If being able to exec into an ECS task container was possible then I think an ECS executor for Gitlab should be easy enough to write and would be a real benefit for my company. Coupled with Fargate that would be a really, really interesting way of running our CI workloads. That said, I'm also considering just waiting for EKS access and then moving to Kubernetes executors as that's the least work to get this off the Docker-Machine runners I'm using. I expect that will probably be the thing that moves me from ECS to Kubernetes for production services as well although I do prefer the relative simplicity of ECS to k8s.

@harlantwood

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harlantwood commented Mar 17, 2018

@nmeyerhans when you say:

It's certainly possible to docker exec into a container that's running as part of an ECS task, but you currently need to identify the specific instance and container manually using ECS and Docker tooling and log in to the appropriate instance.

Can you explain how to do that? That would suffice for me as a workaround...

@keeth

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keeth commented Mar 17, 2018

@harlantwood just ssh into your ECS instance and run docker exec..

ssh ec2-user@my-ecs-server
docker ps
docker exec -it 34cfe4c6b6d5 sh
@marpo60

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marpo60 commented May 2, 2018

That works perfectly when doing ECS/EC2

How about when doing ECS/Fargate? Is it possible?
With Fargate you don't have access to the host machine at all

@MattRiches

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MattRiches commented May 22, 2018

+1

@Sp1tF1r3

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Sp1tF1r3 commented Jun 5, 2018

+1 for Fargate

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@vinshetty

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vinshetty commented Jun 10, 2018

+1 for Fargate

@danielxdam

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danielxdam commented Jun 26, 2018

+1 for Fargate

@Virtualimmortal

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Virtualimmortal commented Jun 26, 2018

+1 for Fargate

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@danhiris

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danhiris commented Jun 28, 2018

+1 for Fargate

@andrykonchin

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andrykonchin commented Jul 4, 2018

+1

@rkreich

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rkreich commented Jul 5, 2018

+1 for Fargate

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@Manjunath07

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Manjunath07 commented Jul 12, 2018

+1 for Fargate

@enthal

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enthal commented Jul 13, 2018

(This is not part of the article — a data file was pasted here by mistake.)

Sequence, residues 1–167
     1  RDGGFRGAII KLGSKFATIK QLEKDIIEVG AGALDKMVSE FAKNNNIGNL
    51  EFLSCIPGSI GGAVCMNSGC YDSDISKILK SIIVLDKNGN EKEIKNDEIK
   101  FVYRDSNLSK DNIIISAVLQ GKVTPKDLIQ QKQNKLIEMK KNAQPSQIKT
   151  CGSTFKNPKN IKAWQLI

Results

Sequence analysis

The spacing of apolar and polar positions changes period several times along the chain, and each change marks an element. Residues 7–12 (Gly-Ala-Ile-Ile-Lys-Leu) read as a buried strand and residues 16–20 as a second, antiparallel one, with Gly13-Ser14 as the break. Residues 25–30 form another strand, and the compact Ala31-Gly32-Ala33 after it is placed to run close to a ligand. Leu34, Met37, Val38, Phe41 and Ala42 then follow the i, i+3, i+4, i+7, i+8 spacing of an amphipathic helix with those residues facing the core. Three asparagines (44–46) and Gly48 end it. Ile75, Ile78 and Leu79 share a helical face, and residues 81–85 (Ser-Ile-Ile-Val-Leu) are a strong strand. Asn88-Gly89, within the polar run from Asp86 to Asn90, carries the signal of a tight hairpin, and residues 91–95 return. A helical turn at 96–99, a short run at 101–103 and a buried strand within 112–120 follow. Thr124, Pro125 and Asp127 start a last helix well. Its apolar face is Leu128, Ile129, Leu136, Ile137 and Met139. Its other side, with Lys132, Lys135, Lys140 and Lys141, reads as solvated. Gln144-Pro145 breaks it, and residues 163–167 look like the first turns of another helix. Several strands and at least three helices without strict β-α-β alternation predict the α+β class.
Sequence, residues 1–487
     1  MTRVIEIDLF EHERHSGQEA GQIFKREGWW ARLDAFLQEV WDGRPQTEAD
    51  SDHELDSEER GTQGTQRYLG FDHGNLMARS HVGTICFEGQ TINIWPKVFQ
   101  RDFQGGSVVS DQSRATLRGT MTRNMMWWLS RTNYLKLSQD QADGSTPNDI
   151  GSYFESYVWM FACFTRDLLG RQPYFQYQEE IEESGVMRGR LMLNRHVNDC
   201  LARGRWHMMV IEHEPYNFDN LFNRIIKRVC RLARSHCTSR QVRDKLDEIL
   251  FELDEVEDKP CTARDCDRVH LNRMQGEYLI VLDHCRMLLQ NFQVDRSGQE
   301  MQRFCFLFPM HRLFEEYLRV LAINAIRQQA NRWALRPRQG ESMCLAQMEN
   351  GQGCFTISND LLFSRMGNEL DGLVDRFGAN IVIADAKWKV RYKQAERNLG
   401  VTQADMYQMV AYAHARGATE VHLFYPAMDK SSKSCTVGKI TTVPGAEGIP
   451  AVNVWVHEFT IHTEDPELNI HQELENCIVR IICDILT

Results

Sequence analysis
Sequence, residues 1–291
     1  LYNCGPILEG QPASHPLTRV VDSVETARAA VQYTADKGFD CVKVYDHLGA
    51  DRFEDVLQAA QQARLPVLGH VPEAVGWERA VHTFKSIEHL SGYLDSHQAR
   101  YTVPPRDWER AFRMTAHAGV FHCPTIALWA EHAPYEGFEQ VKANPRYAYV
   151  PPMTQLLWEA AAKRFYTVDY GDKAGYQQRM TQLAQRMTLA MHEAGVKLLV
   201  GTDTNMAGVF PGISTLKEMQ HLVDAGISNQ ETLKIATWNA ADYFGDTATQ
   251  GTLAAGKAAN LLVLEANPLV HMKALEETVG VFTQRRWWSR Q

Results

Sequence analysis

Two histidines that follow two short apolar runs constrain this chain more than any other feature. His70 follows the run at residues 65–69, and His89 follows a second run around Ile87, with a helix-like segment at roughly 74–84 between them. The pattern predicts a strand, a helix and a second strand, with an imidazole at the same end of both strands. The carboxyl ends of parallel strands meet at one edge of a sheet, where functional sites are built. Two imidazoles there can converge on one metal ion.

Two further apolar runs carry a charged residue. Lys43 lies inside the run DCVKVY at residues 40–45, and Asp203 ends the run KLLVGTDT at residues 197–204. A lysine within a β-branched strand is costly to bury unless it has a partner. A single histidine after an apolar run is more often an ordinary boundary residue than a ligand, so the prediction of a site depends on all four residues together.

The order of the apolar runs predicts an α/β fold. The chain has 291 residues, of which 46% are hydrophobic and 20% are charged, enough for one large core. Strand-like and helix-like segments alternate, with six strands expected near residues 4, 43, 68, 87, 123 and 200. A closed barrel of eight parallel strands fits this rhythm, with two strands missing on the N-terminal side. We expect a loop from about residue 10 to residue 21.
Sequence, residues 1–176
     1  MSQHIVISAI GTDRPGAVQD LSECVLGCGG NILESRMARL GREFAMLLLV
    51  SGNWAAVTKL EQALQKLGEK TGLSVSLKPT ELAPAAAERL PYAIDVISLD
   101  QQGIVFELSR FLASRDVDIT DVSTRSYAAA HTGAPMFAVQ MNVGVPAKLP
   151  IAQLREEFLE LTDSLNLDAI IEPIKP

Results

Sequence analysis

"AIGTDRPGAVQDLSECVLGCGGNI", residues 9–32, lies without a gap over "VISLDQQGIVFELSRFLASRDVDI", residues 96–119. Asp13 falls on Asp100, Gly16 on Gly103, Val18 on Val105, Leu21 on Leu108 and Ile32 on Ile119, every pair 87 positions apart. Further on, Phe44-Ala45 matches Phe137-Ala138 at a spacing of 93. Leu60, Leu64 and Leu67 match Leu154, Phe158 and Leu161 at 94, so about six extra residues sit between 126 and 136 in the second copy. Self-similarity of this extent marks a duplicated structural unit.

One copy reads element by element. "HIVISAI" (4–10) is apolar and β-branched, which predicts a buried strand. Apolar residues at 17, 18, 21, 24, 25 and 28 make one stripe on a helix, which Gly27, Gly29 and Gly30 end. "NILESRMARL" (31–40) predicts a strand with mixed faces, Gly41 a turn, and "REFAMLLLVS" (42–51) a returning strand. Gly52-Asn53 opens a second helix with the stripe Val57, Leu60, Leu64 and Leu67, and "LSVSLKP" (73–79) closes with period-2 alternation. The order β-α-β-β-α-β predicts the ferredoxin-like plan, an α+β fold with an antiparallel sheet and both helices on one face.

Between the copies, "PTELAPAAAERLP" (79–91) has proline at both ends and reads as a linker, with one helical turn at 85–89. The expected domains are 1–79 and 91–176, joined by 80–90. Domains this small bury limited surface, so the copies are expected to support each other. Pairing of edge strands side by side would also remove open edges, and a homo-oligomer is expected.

For Fargate, has anyone had luck opening ssh access to the container? Yes I do believe that would require an image with sshd2 and a known key (not ideal!), and opening port 22.

@wreed4

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wreed4 commented Jul 17, 2018

+1 for a Fargate solution. Can't open port 22 and allow ssh. (company policy)

@nitinvavdiya

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nitinvavdiya commented Jul 30, 2018

For AWC ECS using EC2 cluster, we can access container by doing SSH on EC2, But how can I access the container in Fargate mode?

+1 for Fargate

@hguillermo

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hguillermo commented Jul 31, 2018

+1 for a Fargate ssh access!

@milawidyanto

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milawidyanto commented Aug 7, 2018

+1 for Fargate

@lngphp

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lngphp commented Aug 7, 2018

++Fargate

@patrickdizon

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patrickdizon commented Aug 13, 2018

+1 for Fargate

@dalegaspi

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dalegaspi commented Aug 14, 2018

+1 on Fargate i can't believe this feature is missing from the get-go. 😐

@JamesRyanATX

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JamesRyanATX commented Aug 20, 2018

For Fargate, has anyone had luck opening ssh access to the container? Yes I do believe that would require an image with sshd2 and a known key (not ideal!), and opening port 22.

@enthal I have been able to do this in Fargate. The process is the same as with opening any other TCP port (Dockerfile, container settings, and security group).

@enthal

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enthal commented Aug 20, 2018

@ JamesRyanATX great. How did you manage keys in practice? Making it possible is not the same as making it secure (without making it cumbersome). Did you do anything other than bake the private key into the docker image? Thanks! :)

@JamesRyanATX

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JamesRyanATX commented Aug 20, 2018

@enthal you just want to SSH into the container, right? If so, then your Docker image only needs the public key. Your private key is used in the handshake as normal.

@gotexis

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gotexis commented Sep 2, 2018

+10 for Fargate though I dont even use Fargate

@ronkorving

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ronkorving commented Sep 3, 2018

I would be awesome if we could do this from the SDK:

const instances = await ecs.listContainerInstances({ cluster }).promise();
const arn = instances.data.containerInstanceArns[0];

const { stdout, stderr } = await ecs.exec(arn, '/bin/ps', ['aux']).promise();

Something like that...

@whatch

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whatch commented Oct 5, 2018

I think there's a general need to be able to run a command against all the running tasks in a service. I think it would be ideal to extend the config service to be able to do this. There's times when all I want is for the running service task to refresh a configuration, for example, The most efficient way to do this now, and which is not reliable in my opinion, and totally overkill, is to update the service. I say not reliable because updating the service does NOT absolutely replace all running tasks. I've consistently gotten flaky results with this, to the point where I don't even bother with it anymore. I will first kill the tasks, by hand, then update the service. Yeah, that needs to be fixed, too, such that we can confirm how long a task has been running would be ideal.

@andrii-rubtsov

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andrii-rubtsov commented Oct 19, 2018

+1 for Fargate

@davidarmstronglewis

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davidarmstronglewis commented Oct 24, 2018

Bumping up into this issue as well. +1 for a good solution

@bhoormeena

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bhoormeena commented Nov 9, 2018

+1